In a recent Essay, Professor Litman and Mr. Beasley provide a detailed discussion of how they believe the U.S. Sentencing Commission’s data and recent actions relating to the career offender Guideline do and do not matter to the Supreme Court’s consideration of the issues set forth in Beckles v. United States. First, in support of retroactive application, the authors argue that lower court decisions invalidating the Guideline’s residual clause have “uniformly” resulted in “less severe sentences.” Second, the authors contend that the Supreme Court should give little weight to the Commission’s decision not to make retroactive its removal of the “residual clause” from the career offender Guideline. The authors support this contention with their misconception that the “Sentencing Commission opted not to investigate the possibility of making is amendment retroactive at all . . . .”

This Response does not wade into the legal issues raised in the various briefs in Beckles, or respond to the authors’ arguments regarding the import of a small number of resentencings; it instead seeks to provide greater clarity on the Commission’s process for deciding whether to make amendment guidelines retroactive.


Case Note

Of Laundering and Legal Fees: The Implications of United States v. Blair for Criminal Defense Attorneys who Accept Potentially Tainted Funds

By
Philip J. Griffin
164 U. Pa. L. Rev. Online 179 (2016).

“In the common understanding, money laundering occurs when money derived from criminal activity is placed into a legitimate business in an effort to cleanse the money of criminal taint.” 18 U.S.C. § 1957, however, prohibits a much broader range of conduct. Any person who “knowingly engages” in a monetary transaction involving over $10,000 of “criminally derived property” can be charged with money laundering under § 1957.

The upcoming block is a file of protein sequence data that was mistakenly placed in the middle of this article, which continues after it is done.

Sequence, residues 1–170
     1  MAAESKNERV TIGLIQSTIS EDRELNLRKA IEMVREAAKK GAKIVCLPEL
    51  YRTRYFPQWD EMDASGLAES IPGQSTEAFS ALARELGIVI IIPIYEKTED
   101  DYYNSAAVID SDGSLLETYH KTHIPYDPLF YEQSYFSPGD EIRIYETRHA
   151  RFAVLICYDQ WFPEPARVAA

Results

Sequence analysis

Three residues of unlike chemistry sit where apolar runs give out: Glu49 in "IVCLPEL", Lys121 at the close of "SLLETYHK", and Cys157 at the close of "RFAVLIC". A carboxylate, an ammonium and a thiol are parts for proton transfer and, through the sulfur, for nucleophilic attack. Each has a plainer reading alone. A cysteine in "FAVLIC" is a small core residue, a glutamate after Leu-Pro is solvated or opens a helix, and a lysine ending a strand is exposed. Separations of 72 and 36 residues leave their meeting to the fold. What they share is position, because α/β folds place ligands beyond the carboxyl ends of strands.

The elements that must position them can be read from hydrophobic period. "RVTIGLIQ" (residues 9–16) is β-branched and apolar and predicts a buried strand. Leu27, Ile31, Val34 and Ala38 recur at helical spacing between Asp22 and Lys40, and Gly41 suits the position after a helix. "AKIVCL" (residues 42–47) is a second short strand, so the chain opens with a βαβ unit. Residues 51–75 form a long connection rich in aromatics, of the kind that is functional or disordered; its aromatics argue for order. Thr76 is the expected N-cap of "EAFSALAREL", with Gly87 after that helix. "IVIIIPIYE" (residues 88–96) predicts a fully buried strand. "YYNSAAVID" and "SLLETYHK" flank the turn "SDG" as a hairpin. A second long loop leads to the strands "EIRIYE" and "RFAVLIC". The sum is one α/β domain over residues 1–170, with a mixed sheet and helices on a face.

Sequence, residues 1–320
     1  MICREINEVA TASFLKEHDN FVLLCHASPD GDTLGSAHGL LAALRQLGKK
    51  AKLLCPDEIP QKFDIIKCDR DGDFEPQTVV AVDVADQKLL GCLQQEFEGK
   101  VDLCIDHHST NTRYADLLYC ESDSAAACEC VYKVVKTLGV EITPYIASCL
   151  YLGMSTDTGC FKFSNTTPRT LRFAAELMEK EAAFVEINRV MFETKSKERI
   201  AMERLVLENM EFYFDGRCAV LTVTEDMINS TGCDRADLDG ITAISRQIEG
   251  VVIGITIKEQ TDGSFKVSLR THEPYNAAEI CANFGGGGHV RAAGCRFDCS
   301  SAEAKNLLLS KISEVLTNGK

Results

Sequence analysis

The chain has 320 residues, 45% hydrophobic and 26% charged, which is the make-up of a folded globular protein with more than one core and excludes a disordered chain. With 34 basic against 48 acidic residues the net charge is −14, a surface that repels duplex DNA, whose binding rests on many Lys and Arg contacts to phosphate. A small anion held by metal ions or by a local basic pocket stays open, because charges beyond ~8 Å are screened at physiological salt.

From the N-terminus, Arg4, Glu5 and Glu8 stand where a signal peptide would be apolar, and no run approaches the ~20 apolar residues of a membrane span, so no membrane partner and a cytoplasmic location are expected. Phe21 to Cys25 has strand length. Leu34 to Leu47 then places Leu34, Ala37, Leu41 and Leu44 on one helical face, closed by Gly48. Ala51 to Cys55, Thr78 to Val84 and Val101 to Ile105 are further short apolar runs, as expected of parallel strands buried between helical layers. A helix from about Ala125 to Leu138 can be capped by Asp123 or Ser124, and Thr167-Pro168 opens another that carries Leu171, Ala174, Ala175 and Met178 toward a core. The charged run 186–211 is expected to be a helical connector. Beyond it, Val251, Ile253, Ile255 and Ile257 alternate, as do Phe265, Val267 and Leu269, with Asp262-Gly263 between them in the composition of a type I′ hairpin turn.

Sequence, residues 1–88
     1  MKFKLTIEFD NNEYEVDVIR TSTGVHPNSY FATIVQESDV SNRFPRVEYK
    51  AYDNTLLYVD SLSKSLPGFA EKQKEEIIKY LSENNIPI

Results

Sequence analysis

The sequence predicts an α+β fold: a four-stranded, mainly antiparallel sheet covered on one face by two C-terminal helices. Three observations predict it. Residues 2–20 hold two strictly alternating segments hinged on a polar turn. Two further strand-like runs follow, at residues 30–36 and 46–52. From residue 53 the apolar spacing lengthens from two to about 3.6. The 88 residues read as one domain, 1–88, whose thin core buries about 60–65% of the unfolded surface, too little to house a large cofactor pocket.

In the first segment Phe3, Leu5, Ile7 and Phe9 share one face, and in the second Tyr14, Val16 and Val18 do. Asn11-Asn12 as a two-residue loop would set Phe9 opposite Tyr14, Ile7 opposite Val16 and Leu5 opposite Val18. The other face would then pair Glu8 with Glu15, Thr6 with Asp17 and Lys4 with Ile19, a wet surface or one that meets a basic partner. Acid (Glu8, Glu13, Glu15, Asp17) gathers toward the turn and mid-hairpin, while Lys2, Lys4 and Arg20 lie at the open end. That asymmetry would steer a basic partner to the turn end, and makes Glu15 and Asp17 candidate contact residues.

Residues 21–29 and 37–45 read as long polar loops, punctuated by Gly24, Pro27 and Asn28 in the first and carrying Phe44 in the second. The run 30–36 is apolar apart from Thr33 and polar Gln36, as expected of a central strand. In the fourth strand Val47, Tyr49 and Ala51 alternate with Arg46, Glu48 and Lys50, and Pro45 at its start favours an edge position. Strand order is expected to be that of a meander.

Because § 1957 eliminates the requirement found in other money laundering statutes that the government prove an attempt to commit a crime or to conceal the proceeds of a crime, § 1957 “applies to the most open,

above‐board transaction,” such as a criminal defense attorney receiving payment for representation. In response to pressure from commentators, Congress passed an amendment two years after § 1957’s enactment defining the term “monetary transaction” so as to exclude “any transaction necessary to preserve a person’s right to representation as guaranteed by the sixth amendment to the Constitution.”

The statutory safe harbor found in § 1957(f)(1) has successfully immunized defense attorneys from money laundering prosecutions. However, United States v. Blair raised concerns among the criminal defense bar because of its holding that an attorney‐defendant was not entitled to protection under § 1957(f)(1). In Blair, an attorney‐defendant was convicted of violating § 1957 for using $20,000 in drug proceeds to purchase two $10,000 bank checks to retain attorneys for associates of his client. Noting that Sixth Amendment rights are personal to the accused and that Blair used “someone else’s money” to hire counsel for others, the Fourth Circuit held that his actions fell “far beyond the scope of the Sixth Amendment” and were not protected by the safe harbor. In his strongly‐worded dissent, Chief Judge Traxler criticized the court for “nullif[ying] the § 1957(f)(1) exemption and creat[ing] a circuit split.”

This Case Note discusses the implications of Blair for the criminal defense attorney who accepts potentially tainted funds and proposes a solution to ameliorate its unintended consequences. First, Part I provides relevant background information by discussing the money laundering statutory framework, the criticisms leveled at the framework as it was written, the Congressional response to that criticism, and § 1957(f)(1)’s application up until Blair. Next, Part II describes the Blair decision in detail and examines its implications. Part III then proposes a novel solution to the problems it created. Finally, the Case Note concludes with a brief word of practical advice for the criminal defense bar.